As far as getting it fixed. Ever tried to get a CD player fixed? Such a thing is virtually impossible. If your CD player stops working the only solution is a new CD player. Same with other complicated electronics, like the GPS mapping function. The dealership will almost certainly have to swap your unit out and install a new one. And that may take some time, first finding a new unit, then the shop techs figuring out how to do that job, as it may be their first GPS swap they’ve had to do on that make/model/year. It may involve some computer reprogramming. I concur however the dealership should diligently keep you informed of the progress, slow as it may seem. You’ll probably have to go there and ask to the speak to the manager, let him know you expect periodic status updates, say every 3 days or so.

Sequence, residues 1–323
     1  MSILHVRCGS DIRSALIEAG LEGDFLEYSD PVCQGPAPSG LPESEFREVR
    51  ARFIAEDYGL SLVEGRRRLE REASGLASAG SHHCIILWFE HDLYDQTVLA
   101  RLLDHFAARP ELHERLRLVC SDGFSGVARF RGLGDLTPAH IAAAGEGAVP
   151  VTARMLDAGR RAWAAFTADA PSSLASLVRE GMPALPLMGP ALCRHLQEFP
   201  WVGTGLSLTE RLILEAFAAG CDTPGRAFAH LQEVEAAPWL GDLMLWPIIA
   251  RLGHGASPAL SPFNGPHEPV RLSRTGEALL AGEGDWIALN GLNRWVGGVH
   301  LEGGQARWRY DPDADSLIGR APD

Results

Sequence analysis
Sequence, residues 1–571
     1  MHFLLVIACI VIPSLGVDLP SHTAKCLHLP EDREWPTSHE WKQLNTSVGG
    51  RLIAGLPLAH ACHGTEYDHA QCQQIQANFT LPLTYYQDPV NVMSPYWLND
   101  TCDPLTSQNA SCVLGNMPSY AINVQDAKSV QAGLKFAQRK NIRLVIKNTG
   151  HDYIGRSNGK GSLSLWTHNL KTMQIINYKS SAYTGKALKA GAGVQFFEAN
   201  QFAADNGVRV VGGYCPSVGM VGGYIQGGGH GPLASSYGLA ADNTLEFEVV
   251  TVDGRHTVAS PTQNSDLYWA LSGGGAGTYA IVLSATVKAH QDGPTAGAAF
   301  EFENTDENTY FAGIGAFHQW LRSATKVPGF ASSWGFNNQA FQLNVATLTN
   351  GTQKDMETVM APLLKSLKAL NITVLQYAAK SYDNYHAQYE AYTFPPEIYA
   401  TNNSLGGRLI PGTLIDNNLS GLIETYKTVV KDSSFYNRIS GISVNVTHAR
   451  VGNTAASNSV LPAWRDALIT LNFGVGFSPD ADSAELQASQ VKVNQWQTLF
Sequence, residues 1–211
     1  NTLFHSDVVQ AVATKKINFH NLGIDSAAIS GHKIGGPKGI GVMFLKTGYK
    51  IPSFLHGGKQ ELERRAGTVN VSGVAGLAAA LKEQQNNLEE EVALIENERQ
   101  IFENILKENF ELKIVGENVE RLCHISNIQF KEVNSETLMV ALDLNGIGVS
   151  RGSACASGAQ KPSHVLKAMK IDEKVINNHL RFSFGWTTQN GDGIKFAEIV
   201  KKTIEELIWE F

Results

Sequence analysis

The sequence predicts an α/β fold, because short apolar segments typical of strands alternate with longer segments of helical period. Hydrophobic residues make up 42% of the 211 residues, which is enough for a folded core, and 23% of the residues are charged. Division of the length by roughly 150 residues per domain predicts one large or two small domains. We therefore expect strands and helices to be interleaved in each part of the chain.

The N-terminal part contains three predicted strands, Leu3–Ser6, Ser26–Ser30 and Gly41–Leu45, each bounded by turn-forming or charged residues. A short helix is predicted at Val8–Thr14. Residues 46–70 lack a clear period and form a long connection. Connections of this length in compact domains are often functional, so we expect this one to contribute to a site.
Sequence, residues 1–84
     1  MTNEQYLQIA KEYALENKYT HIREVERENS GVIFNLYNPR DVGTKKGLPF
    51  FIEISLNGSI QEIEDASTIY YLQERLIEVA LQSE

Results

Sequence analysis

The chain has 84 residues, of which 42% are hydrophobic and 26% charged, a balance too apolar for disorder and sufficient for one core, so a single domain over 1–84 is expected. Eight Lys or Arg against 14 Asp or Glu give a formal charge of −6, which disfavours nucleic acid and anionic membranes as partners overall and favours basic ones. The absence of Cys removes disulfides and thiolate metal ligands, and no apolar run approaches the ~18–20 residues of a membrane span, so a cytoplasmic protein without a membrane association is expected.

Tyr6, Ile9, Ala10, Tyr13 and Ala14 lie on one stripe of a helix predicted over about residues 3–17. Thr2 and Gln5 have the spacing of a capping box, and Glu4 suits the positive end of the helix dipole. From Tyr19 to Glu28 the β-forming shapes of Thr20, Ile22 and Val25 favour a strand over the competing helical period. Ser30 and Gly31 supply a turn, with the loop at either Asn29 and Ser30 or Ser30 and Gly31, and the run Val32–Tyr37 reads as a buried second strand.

It doesn’t take too much time. does it, to to pick up the telephone, call the client, and keep the lines of communications open?We, as customers should always be kept informed, and we need to know what is happening, right, wrong, or indifferent. Why is it that you can take the time to email me and explain, but the local dealership cannot initiate a call or email? I really appreciate your responses…

If I need to wait for parts to come, no problem, the dealership could at least notify me, and release my vehicle so I can use it in the interim. From an excellent “customer service” perspective, the dealership should be initiating and returning calls, agree?

Thanks for your communications. I will let you know what happens this coming Monday, 09/16/19.

With respect and sincerity,

Ron